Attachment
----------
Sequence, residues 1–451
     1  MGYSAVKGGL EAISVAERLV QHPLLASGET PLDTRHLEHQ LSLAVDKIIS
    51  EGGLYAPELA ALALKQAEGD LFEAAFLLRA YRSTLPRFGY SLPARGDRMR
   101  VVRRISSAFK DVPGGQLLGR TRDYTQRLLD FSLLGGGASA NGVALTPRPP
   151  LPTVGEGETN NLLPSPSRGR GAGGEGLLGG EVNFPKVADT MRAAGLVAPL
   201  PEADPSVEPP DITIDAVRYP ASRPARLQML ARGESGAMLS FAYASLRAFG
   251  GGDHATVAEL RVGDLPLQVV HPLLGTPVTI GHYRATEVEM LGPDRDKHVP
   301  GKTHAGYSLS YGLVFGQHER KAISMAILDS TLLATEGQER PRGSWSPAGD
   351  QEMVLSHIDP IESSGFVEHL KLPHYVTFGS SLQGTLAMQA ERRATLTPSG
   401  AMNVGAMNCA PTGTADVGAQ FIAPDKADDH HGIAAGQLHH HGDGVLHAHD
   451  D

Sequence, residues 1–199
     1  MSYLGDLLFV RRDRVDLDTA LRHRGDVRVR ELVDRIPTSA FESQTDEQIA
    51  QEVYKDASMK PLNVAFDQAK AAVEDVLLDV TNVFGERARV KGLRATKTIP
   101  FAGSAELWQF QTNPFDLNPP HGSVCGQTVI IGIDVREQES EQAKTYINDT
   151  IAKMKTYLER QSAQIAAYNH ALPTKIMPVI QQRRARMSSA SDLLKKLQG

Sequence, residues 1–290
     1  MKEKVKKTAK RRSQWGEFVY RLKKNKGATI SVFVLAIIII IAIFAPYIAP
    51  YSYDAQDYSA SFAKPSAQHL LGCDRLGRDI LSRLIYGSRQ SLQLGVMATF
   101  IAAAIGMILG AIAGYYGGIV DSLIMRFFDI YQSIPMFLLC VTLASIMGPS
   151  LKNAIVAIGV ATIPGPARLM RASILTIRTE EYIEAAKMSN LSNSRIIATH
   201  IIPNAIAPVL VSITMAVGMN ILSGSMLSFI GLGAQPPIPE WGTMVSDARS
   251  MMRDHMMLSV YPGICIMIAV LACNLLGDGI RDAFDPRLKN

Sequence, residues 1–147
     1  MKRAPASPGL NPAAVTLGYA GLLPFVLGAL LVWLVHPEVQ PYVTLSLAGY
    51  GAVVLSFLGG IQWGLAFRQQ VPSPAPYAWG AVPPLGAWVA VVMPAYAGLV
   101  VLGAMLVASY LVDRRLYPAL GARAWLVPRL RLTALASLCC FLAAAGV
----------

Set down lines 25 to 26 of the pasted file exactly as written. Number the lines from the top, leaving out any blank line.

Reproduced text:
     1  MKRAPASPGL NPAAVTLGYA GLLPFVLGAL LVWLVHPEVQ PYVTLSLAGY
    51  GAVVLSFLGG IQWGLAFRQQ VPSPAPYAWG AVPPLGAWVA VVMPAYAGLV